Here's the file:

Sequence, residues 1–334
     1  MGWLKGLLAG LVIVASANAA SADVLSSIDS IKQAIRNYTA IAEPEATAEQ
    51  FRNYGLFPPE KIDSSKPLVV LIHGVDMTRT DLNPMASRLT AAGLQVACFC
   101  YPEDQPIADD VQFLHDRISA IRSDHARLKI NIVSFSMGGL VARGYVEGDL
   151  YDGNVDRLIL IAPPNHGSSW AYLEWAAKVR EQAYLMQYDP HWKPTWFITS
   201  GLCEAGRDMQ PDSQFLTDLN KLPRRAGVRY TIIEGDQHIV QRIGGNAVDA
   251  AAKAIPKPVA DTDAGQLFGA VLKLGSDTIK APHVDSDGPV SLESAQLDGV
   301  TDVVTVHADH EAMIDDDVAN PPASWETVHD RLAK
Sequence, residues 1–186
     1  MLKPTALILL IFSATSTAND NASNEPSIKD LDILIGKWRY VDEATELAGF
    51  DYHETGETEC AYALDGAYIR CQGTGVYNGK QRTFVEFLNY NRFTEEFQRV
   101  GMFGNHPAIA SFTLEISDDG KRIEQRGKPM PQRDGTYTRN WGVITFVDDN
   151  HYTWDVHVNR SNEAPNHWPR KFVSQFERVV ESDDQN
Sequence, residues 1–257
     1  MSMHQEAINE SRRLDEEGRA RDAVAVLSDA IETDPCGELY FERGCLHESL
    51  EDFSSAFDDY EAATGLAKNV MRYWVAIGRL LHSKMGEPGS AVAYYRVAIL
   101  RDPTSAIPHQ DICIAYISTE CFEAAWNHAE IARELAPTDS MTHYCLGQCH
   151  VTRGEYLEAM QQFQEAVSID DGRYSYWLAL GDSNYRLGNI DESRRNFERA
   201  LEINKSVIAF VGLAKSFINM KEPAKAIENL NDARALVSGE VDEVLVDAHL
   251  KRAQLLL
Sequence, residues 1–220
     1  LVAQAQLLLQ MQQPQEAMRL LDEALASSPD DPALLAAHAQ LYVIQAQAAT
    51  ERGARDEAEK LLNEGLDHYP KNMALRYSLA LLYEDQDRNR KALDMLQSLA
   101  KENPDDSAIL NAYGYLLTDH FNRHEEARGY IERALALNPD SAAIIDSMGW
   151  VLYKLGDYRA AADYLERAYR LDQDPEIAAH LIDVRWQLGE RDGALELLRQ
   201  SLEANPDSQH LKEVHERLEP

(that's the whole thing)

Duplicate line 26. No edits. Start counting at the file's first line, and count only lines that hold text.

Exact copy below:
   201  SLEANPDSQH LKEVHERLEP